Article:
If there’s one event on the Australian sporting calendar that brings together Australians all over the world, it’s the Australian Football League (AFL) Grand Final.
I realised this last Saturday – Grand Final Day — sitting amongst hundreds of other Australians who had all managed to find themselves in the one Australian Bar in all of Singapore. Unlike Melbourne Cup Day, AFL Grand Final day brings together Australians from every state, every city, male and female, young and old. Dads brought their kids along in ‘Hawks’ scarves and ‘Freo’ hats, women in their twenties came still dressed in their netball and hockey uniforms, fresh from the sports field — all united in being Australian on “that one day in September”.
What was most surprising to me was how much of that experience was captured online. People around me were live-tweeting their responses to the sporting action, posting photos of themselves and their surrounds on Instagram, and debating who would win with their friends all over the world via Facebook. Through social media, friends in different nations were united in one live experience. The Australian Broadcasting Corporation even ran an entire news page dedicated to capturing the photos and videos of the match as they were posted on social media.
The AFL is one organisation that has successfully captured the power of social media for their own brand promotion. In Australia, the most checked-in location in the nation is the Melbourne Cricket Ground (MCG). To capitalise on this, the MCG has completed one of the largest wifi projects in the world, supplying free signals to 100,000 fans through millions of tonnes of concrete.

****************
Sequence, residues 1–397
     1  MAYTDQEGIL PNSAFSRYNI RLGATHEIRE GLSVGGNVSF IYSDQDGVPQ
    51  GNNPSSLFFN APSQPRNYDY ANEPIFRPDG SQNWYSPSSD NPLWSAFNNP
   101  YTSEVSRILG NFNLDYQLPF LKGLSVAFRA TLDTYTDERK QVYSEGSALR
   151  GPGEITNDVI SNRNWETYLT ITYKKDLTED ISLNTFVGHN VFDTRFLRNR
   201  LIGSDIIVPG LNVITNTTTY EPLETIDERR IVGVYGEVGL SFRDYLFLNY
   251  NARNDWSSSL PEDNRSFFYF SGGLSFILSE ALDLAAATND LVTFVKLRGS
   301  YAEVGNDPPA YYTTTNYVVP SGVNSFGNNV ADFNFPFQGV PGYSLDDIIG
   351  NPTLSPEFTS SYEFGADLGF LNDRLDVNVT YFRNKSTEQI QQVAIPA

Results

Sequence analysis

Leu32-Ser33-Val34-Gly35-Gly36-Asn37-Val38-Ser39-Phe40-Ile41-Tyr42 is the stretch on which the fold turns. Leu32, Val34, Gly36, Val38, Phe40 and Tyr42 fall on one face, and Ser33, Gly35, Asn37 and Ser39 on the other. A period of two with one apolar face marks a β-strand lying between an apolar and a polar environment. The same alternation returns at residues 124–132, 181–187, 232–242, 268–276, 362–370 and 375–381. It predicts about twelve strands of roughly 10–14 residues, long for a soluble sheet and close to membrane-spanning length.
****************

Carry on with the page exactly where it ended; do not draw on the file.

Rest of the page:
The AFL itself runs a social media web page, with Facebook and Twitter feeds for all 18 AFL clubs, Twitter feeds for nine separate football-related subjects and 20 football journalists, as well as a dedicated “AFL TV” Video Center. In recognition of the large number of overseas-based football fans, the AFL also runs a live and on-demand international streaming service, where footy fans can watch the finals action on their tablet, laptop or smartphone for a small fee.
These efforts are paying off: There AFL‘s official Twitter feed now has over 180,000 followers, whilst the MCG has more than 120,000 Likes on Facebook — ironically, more fans than could physically fit inside the MCG. Even before the AFL Grand Final, there were already more than 3.7 million AFL related tweets in 2013, an increase of 185% on 2012. Tyson Densley, AFL’s Social Media Manager, said: “Footy never stops, and we love delivering the latest news to fans.”
And it seems the fans love lapping it up.
Jayde Lovell is vice-president, Digital, Southeast Asia, at Weber Shandwick
Picture: AFL Media